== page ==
2011 Delaware gun laws could be reviewed in light of Connecticut tragedy

Delaware Gov. Jack Markell, D-Del.,who signed three gun safety bills into law nearly two years ago to protect the public says there is a possibility that the state could use stronger laws in the wake of the Connecticut shooting that left 20 small children and 8 adults dead, including the shooter.

The man authorities have identified in the shooting, Adam Lanza, gained access to his mother, Nancy Lanza’s gun collection which were all purchased legally. Nancy Lanza was also shot and killed by Adam, who allegedly suffered from a personality disorder. 

 
” I, like so many others around the country, have spent the last few days thinking about the issues that this awful incident raises. In homes, in businesses and in government, we are having conversations about what this means and what we need to do,” said Gov. Markell.
 
Delaware Attorney General Beau Biden echoed a similar message. 
 “As a father, prosecutor, and veteran, it is clear to me that military-style assault weapons and high-capacity ammunition clips which were designed for battle have no place in our communities.  Congress should act to reinstate the assault weapons ban and consider legislation to ban high-capacity ammunition clips.”
 
In 2011, Gov. Markell and other legislators took the lead to make Delawareans safer when SB 25, SS1 for SB 29 and HB 48 were signed.
 
Here’s a break down of each individual law. 
• SS1 for SB29, makes it a crime to possess a firearm while in a public place under the influence of alcohol or drugs.
• HB 48, authorizes state agencies to report information about mentally ill individuals to the federal NICS database. In the past, Delaware was one of ten states that provided no mental health information to NICS.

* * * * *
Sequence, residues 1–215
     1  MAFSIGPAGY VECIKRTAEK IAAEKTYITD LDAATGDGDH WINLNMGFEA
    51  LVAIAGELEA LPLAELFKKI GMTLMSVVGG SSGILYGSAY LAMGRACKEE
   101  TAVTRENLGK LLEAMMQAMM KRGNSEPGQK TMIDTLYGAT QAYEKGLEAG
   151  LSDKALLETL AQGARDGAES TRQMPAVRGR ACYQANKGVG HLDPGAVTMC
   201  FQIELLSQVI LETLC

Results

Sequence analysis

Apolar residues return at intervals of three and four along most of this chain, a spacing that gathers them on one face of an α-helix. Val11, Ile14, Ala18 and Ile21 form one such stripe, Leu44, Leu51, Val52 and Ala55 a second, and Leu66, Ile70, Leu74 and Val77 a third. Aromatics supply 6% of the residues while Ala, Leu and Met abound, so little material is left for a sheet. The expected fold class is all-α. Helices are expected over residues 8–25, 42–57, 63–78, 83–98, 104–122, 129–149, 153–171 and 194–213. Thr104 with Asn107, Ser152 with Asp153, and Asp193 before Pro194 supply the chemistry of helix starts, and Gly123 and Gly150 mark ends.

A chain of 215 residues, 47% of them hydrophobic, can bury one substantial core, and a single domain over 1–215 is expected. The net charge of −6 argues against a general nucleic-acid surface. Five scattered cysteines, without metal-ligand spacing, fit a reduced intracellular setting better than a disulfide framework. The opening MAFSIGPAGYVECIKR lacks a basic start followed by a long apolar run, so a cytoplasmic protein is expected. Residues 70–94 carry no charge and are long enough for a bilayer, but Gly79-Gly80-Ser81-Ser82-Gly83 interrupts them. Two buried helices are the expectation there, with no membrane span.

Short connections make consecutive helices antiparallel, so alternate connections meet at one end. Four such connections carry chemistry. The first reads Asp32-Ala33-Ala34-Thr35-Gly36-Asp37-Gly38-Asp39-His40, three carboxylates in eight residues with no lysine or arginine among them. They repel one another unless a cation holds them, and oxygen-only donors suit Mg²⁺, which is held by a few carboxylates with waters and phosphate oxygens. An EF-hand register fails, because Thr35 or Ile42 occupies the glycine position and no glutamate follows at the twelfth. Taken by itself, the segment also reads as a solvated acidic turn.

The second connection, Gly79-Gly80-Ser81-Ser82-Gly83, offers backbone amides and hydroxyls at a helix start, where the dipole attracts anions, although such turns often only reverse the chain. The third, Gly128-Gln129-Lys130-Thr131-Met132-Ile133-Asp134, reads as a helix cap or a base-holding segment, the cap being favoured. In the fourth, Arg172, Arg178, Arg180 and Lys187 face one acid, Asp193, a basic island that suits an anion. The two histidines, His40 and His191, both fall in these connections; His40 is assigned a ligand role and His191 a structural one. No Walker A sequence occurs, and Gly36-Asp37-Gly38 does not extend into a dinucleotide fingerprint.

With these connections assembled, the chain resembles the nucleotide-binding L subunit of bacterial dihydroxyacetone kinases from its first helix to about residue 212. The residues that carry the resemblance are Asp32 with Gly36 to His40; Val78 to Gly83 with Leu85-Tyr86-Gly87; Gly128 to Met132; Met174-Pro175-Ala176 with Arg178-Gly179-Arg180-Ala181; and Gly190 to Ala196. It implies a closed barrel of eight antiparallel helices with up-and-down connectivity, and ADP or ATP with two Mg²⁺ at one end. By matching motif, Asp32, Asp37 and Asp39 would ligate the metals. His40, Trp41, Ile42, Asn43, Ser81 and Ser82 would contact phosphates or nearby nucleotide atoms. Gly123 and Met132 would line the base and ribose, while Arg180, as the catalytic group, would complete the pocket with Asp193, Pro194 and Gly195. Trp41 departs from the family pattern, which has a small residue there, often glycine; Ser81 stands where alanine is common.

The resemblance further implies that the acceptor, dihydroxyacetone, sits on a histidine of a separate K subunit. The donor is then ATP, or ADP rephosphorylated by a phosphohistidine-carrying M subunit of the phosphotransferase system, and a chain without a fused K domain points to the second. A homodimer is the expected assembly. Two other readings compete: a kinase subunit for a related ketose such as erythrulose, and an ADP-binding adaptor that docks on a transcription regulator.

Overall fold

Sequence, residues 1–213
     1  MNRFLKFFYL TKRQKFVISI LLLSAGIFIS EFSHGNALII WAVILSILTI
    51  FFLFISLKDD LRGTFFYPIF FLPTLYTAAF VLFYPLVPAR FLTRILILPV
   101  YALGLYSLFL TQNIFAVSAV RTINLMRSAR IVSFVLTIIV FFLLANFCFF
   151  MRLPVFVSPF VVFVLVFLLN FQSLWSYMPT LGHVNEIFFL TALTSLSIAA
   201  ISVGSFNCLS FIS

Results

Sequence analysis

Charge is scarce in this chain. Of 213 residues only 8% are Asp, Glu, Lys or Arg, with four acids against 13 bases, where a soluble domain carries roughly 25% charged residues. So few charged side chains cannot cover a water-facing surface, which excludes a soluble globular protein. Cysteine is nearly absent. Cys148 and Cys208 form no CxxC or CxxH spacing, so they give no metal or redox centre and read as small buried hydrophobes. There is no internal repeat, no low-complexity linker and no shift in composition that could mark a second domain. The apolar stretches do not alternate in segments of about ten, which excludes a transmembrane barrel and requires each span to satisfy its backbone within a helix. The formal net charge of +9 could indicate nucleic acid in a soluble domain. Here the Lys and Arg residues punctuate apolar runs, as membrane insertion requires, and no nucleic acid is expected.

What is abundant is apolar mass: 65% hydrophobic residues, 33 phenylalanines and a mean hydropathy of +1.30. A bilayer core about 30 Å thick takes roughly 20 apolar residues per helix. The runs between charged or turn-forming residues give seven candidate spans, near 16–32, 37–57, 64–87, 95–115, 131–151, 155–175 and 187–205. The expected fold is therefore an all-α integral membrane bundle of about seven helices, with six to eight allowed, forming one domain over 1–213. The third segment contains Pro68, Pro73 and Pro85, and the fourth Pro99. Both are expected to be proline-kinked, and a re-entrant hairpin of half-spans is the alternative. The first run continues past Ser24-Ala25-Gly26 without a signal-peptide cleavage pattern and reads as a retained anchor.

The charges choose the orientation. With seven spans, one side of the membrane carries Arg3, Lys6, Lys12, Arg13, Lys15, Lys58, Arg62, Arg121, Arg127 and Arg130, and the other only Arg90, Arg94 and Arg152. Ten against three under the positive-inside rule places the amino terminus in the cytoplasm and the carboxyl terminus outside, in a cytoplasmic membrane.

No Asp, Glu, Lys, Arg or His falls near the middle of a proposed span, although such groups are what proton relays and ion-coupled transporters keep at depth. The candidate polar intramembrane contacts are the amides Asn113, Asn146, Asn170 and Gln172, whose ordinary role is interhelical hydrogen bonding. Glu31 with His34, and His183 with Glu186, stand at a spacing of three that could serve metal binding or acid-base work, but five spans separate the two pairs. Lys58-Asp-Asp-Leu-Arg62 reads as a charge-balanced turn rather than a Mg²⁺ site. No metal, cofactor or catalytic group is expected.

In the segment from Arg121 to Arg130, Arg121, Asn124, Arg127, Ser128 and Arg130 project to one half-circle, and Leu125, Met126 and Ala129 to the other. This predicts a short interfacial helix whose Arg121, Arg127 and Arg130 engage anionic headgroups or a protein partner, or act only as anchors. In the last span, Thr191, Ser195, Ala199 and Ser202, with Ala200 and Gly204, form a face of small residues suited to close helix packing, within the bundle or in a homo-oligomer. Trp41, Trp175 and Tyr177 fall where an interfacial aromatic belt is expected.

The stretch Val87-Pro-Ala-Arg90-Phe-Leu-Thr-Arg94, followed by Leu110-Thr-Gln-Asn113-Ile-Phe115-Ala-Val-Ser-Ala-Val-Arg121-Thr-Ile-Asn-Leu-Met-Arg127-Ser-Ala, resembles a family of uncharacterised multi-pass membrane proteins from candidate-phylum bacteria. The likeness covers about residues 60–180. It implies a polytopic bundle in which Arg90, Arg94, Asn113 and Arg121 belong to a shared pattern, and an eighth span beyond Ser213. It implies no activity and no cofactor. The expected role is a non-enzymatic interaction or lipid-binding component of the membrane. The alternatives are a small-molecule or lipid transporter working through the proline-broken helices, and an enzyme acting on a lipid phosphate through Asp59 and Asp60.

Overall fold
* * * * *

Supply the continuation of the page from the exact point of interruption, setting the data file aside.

• SB 25, establishes a community firearm recovery/gun buy-back program. This helps community groups and the police to work together to gets illegal guns off the streets.
 
“What is clear is that we have a culture of violence in this country, coupled with ready access to guns, and we continue as a society to fail adolescents struggling with mental illness.  That reality is deeply concerning to me, as I know it is to others.  I see three areas of discussion taking place,” said Markell.
 
The three areas Gov. Markell says need attention involve mental health, school safety as well as a gun safety. 
 
“Over and over again we see this pattern of these young men who have some kind of mental health issues and then as a result they have access to these weapons and they should not have access to these weapons, they take the weapons and they shatter the lives, in this case of more than two dozen families, an unbelievable tragedy,” added Markell. 
 
According to Gov. Markell, the stigma associated with mental illness needs to be removed so that people can recognize it for the disease it is. 
 
“Access to treatment is critical, and my administration is preparing plans to expand that access, especially for children and teens,” expreesed Markell who also talked about school safety. 
  
In Delaware, every public school has a comprehensive safety plan thanks to a new statewide protocol developed this year.  “Schools are now in the process, working with the Department of Safety and Homeland Security and with local emergency responders, of creating those plans.  To date, 30 schools have completed these plans and we have funded creation of school safety plans for the next 50. We need to make sure that we complete the effort to have comprehensive school safety plans completed for all schools,” Markell said. 
 
Although state lawmakers have worked on legislation to keep guns out of the hands of those who suffer from mental illnesses, Markel admits he also strongly supports a ban on assault weapons. 
 
“As we move forward, I think and hope there are measures that reasonable gun owners can agree with — and in fact have started to voice support for in the last few days,” concluded Markell. 
 
 
 
 

Want a digest of WHYY’s programs, events & stories? Sign up for our weekly newsletter.

It will take 126,000 members this year for great news and programs to thrive. Help us get to 100% of the goal.